RESEARCHERS from the University of Tokyo (UTokyo), Japan have developed a bench-scale ammonia production process that they hope could help “democratise” the production of fertilisers.
Ammonia is used as a raw material for nitrogen fertilisers, making ammonia production from nitrogen gas an important industrial process. Ammonia is mainly produced using the Haber-Bosch process which requires high temperature (400–600°C), high pressure (10.1–20.3 MPa), and is very energy intensive. The process consumes 3–5% of all the natural gas that is produced, about 1–2% of the world’s energy supply, according to Yoshiaki Nishibayashi, Professor in the School of Engineering at UTokyo.
Nishibayashi and his team developed the Samarium-Water Ammonia Production (SWAP) process which uses a novel molybdenum-based catalyst to produce ammonia with 90% efficiency. It is small-scale and uses readily-available lab equipment.
SWAP is not currently suitable for industrial scale, but it does demonstrate an opportunity for further research into catalytic nitrogen fixation.
As in the Haber-Bosch process, SWAP uses N2 from the air. The novel molybdenum-based catalyst combines the N2 with a proton (H+) from water (or alcohols) and an electron from samarium diiodide (SmI2). SmI2 can be recycled using an electrochemical method to replenish the lost electrons. In the future, the researchers hope to use renewable sources for the required electricity generation.
The team at UTokyo was strongly motivated to make SWAP “desktop scale” and they achieved a process which can be performed by anyone with the required source material using a “table-top chemistry lab”. Nishibayashi hopes that SWAP will help to democratise fertiliser production.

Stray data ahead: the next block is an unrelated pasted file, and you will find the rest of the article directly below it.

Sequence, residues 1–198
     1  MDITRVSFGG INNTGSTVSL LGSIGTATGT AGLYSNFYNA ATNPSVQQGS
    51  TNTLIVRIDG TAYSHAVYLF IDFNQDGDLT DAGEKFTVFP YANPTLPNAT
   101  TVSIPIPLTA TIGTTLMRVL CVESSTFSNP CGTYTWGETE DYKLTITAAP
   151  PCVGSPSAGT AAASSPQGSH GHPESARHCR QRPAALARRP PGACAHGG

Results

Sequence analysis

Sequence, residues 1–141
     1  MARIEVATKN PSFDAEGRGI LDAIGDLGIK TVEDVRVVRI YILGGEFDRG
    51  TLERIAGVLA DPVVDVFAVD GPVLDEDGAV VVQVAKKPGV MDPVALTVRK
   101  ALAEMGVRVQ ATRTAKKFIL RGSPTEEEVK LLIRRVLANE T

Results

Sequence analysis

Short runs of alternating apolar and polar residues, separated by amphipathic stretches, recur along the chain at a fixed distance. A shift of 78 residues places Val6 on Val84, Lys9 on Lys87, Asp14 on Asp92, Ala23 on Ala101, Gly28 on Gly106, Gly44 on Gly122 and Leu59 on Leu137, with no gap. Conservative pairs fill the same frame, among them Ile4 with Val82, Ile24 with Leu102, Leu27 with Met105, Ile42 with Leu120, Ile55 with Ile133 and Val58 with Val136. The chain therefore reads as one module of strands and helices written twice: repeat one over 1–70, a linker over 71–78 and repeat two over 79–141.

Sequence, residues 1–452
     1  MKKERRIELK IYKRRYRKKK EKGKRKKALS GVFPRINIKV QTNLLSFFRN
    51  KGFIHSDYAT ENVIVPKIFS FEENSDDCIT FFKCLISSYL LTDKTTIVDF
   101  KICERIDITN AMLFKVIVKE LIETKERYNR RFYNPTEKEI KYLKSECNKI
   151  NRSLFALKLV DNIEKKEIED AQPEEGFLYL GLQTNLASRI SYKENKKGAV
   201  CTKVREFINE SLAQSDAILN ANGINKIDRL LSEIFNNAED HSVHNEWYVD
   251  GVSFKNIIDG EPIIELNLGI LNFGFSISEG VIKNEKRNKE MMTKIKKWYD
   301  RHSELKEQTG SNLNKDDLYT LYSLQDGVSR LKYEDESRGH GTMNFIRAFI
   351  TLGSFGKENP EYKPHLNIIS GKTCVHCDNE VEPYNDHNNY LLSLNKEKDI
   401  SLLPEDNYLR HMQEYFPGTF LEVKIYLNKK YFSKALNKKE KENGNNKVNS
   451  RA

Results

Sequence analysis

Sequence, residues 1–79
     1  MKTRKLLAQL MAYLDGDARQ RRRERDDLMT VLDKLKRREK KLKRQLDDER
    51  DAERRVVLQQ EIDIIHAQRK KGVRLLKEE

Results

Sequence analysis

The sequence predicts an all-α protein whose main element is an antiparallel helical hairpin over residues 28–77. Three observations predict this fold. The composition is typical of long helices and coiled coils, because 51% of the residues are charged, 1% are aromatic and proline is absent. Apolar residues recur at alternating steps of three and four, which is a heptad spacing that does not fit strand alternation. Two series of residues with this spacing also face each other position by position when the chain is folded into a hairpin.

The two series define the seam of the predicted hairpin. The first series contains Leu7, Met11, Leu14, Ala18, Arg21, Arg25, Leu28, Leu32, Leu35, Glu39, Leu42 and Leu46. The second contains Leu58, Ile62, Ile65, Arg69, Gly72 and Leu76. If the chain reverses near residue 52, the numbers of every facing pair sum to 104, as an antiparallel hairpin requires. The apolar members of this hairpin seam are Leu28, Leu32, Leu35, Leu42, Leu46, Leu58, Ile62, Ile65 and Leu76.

SWAP produces 4,350 ammonia molecules in about four hours before the enzymes lose catalytic activity. According to Nishibayashi, the rate of production is close to the rate observed with nitrogenase enzymes. In nitrogen-fixing bacteria that produce ammonia at atmospheric temperatures and pressures, nitrogenase enzymes catalyse the reduction of molecular nitrogen to ammonia.
Furthermore, in comparison to the 90% efficiency of SWAP, “average commercial catalysts yield about 10–30% ammonia based on the hydrogen source in closed reactors,” said Nishibayashi. Unreacted H2 has to be recycled multiple times to approach 100% efficiency.
The SWAP process offers potential energy savings in the process and in the sourcing of raw materials. For example, unlike the Haber-Bosch process SWAP does not require fossil fuels for H2 production, said Nishibayashi. However, he added that such losses would be countered by the energy required for the synthesis of samarium reagents.
However, Nishibayashi said that further research could also be done to help decrease the amount of samarium reagents used in the process because samarium is a rare earth element. Whilst at lab scale its use as a reducing agent is not an issue, at industrial scales large amounts of the reagent would be required.
Currently the team is working to develop more effective molybdenum catalysts. “We have already achieved ten times higher catalytic activity than that reported in Nature.”
Nissan Chemical Corporation is the research group’s industrial partner.
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